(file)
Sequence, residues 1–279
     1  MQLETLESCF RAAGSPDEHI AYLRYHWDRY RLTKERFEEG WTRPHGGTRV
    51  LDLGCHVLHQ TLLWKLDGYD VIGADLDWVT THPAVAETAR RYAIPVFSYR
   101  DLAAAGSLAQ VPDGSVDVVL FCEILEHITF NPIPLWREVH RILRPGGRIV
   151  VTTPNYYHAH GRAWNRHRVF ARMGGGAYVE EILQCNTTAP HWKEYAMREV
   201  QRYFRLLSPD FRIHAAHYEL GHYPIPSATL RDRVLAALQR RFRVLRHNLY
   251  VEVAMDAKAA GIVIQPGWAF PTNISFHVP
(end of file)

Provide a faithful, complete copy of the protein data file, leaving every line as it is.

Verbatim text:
Sequence, residues 1–279
     1  MQLETLESCF RAAGSPDEHI AYLRYHWDRY RLTKERFEEG WTRPHGGTRV
    51  LDLGCHVLHQ TLLWKLDGYD VIGADLDWVT THPAVAETAR RYAIPVFSYR
   101  DLAAAGSLAQ VPDGSVDVVL FCEILEHITF NPIPLWREVH RILRPGGRIV
   151  VTTPNYYHAH GRAWNRHRVF ARMGGGAYVE EILQCNTTAP HWKEYAMREV
   201  QRYFRLLSPD FRIHAAHYEL GHYPIPSATL RDRVLAALQR RFRVLRHNLY
   251  VEVAMDAKAA GIVIQPGWAF PTNISFHVP